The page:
I've seen a good number of Shakespeare plays, but by no means all of them. One of the finest and most genuinely moving performances I ever saw was by the late British actor Sir Robert Stephens as King Lear at Stratford-on-Avon in 1994 at the Royal Shakespeare Theatre in Adrian Noble's production. Stephens was a very interesting actor, one time thought to be a natural heir to Laurence Olivier's throne and one of Billy Wilder's favorites. But heavy drinking and the fact that his then-wife Maggie Smith quickly eclipsed him sent his career into a tailspin. But late in life a chance to do Falstaff and this Lear brought him back into the limelight.
His Lear was heartbreaking. One was almost embarrassed to witness his suffering. The Adrian Noble production was galvanizing, and Simon Russell Beale as Edgar didn't hurt either. Stephens' widow said that his death in 1995 was hastened by the hard work and supreme effort that he put into playing Lear, earlier that year. The years of heavy drinking probably didn't help either.
I couldn't find a video clip of Stephens' Lear on YouTube. It looks like it was never preserved: what a shame. But that's theatre: evanescent.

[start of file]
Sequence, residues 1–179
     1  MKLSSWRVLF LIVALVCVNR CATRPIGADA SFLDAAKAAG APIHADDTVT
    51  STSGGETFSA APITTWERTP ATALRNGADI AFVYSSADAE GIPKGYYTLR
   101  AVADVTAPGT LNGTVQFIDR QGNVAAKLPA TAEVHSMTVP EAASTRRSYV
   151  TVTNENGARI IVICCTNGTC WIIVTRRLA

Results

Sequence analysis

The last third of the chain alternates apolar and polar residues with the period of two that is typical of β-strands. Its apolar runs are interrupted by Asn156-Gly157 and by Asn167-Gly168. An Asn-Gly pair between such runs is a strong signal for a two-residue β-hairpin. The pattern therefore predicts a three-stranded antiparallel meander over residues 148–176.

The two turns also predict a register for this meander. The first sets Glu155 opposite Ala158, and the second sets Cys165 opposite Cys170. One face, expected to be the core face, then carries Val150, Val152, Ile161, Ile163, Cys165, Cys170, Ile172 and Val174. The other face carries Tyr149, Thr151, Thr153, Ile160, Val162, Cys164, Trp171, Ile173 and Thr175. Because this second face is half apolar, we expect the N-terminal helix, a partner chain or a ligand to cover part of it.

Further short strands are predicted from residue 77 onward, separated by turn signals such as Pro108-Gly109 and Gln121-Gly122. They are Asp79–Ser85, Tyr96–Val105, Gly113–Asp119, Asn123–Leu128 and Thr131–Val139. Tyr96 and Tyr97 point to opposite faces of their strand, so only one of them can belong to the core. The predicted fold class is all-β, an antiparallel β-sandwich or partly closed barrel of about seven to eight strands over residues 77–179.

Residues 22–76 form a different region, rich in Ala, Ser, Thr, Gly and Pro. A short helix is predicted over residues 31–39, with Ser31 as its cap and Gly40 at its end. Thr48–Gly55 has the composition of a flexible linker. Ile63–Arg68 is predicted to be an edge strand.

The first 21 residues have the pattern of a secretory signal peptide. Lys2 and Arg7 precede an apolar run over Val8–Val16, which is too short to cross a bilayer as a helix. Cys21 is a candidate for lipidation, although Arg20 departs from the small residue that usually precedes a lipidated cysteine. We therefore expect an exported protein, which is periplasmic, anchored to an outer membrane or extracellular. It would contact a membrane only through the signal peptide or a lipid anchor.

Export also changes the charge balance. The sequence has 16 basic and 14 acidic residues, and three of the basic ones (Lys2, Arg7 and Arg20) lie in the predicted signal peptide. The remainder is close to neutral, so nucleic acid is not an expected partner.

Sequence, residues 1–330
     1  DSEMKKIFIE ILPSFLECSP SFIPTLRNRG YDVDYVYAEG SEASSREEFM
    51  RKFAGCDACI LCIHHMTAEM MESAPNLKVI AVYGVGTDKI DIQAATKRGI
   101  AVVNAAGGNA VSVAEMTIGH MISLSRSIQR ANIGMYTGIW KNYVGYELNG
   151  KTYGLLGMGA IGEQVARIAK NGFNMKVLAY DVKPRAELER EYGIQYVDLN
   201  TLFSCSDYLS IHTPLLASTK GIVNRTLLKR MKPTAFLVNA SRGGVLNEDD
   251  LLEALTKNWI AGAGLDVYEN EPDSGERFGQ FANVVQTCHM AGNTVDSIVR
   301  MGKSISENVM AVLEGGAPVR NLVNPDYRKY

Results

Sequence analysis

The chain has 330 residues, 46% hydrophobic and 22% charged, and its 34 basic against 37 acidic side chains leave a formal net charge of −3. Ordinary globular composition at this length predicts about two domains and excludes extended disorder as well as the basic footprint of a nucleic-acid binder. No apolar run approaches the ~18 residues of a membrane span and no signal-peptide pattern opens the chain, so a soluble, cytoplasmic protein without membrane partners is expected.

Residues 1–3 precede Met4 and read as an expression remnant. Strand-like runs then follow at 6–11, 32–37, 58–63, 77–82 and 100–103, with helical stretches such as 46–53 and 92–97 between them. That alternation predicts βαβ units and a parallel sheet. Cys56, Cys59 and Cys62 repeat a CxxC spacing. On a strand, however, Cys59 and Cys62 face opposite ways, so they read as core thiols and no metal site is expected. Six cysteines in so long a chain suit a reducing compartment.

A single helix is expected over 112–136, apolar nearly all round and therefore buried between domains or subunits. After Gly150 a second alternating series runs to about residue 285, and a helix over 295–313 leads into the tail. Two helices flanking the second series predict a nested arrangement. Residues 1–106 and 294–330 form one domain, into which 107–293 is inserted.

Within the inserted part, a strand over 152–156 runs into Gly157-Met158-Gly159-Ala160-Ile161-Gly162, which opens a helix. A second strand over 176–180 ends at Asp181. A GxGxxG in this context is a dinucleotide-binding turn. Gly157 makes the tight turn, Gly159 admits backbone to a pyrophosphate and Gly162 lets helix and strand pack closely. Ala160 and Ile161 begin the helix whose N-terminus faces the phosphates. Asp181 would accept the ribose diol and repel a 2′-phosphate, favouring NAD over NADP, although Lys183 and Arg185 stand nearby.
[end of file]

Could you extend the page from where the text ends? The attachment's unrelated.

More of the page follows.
Here's a video clip from another pretty fair Lear I saw, Ian McKellen. (The Tiny Goddess and I had stage seats for this one, so we saw this amazing show from about ten feet from the action.)
I spend a lot of time listening to Keith Jarrett's music, specifically his albums of solo improvisations. I hope it's not an insult to this great musician to say that I use his music as both inspiration and background. What he tries to do musically – sit in front of the "blank page" of a piano keyboard and try to create something artistically interesting from nothing – is analogous to what I try to do in front of my blank page, my keyboard, with my writing. When I listen to Jarrett probe and feel his way through his music toward melodies and harmonies that blossom into song, I am filled with inspiration to do the same thing in my writing. And as I focus deeper and deeper, the music disappears.